Friday, August 16, 2019

Red-throated divers.



I am fishing a small highland loch, absorbed in the hallucinogenic wattles of tin-foil water, casting a fly somewhat distractedly.  Two RAF jets roar up Little Loch Broom and dive up Strath Canaird, grey ghosts moving silently ahead of their roar, half a mile behind them. As if in echo of the jets, a rapid quacking sound is followed by a low-flying clockwork bird, arrowing off ahead of me to fish another lochan. The red-throated diver: Gavia Stellata.

The red-throated diver is an elusive highland treasure, especially in breeding season when its pining call haunts the hills and lochs, along with its cousin the black-throated diver, Gavia arctica. Their sleek profiles, and submersible fishing abilities, are serendipitous moments of any day hill-walking or fishing the highland lochs. It's usually silhouetted against a low silvery water, but if you catch the sun on it, you may see the red throat and blood-blister eye. The young are dull and take on the colour of the peaty waters, so can be hard to spot. They nest on secluded highland lochans and, like the roaming fisherman, their quarry is the common brown trout. There are around 1,300 pairs in Britain, confined to the northern isles and the west coast of Scotland, with smaller populations in north-west Ireland. In Donegal they were once called 'Mooney's Duck', and whilst we don't know who Mooney was, he obviously thought they sounded like a duck. Indeed, its regular mallard-like quack is very much like a duck, but has a little more of a rattle and threat to it, and its sabre-shaped bill gives it a martial appearance, especially in full summer plumage, with its burgundy cravat and black and white neck-striping.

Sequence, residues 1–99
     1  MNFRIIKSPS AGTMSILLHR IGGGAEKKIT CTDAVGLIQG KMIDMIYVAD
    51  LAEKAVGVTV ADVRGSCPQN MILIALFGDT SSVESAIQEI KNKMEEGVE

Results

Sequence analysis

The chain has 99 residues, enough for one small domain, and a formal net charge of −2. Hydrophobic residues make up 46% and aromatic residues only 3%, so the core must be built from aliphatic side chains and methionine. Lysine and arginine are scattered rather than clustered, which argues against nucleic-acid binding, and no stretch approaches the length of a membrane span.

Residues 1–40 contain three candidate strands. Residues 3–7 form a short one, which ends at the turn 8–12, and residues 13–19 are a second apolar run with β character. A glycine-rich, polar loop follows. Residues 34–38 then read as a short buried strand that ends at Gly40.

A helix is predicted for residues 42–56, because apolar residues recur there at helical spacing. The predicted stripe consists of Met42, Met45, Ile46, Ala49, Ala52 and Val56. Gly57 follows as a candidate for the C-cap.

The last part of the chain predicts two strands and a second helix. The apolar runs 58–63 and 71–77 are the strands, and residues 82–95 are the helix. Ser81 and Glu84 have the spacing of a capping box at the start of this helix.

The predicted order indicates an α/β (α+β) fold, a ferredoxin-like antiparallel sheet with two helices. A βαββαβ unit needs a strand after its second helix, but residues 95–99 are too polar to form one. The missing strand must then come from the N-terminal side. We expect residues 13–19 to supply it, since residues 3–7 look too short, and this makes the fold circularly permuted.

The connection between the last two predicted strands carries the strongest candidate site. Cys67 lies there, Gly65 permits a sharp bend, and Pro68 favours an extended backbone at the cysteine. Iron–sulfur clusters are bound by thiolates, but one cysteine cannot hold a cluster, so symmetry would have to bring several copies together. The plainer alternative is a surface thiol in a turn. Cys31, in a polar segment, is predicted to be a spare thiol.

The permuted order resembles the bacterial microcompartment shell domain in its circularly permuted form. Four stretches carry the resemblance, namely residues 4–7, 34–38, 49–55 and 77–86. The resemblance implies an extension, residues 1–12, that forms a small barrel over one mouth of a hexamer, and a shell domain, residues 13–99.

I move on from the lochan I'm fishing and head downhill to a low, hidden defile in the Ullapool hills, pooled with yet another dark lochan. Two brown silhouettes on the water crouch like hunting cats when they see me, paddling up the far side of the loch in a slow a profile as they can muster. I put the rod down and hunker into a rock outcrop to hide myself, get the binoculars out of the sack. Just as I do so, a jet-like whoosh brushes my head and announces the arrival of the adult. She must have been in the clouds and wheeling, no doubt saw me, thinking a quick buzz over the rock outcrop might do the trick. I'm suitably admonished and back off to a distance with the binoculars. The adult bird circles and  then clatters into the water. It is carrying clamped in its bill, a substantial half-pound brown trout, viced around the gills. One of the youngsters noses low towards her in a paddling sprint and is first to receive its bounty, gobbling down the free lunch. I am kind of glad I haven't caught anything today, happy to sacrifice any trout for the greater good of the red-throated diver.













Red-throated divers on Loch Bad a Ghaill, 2019

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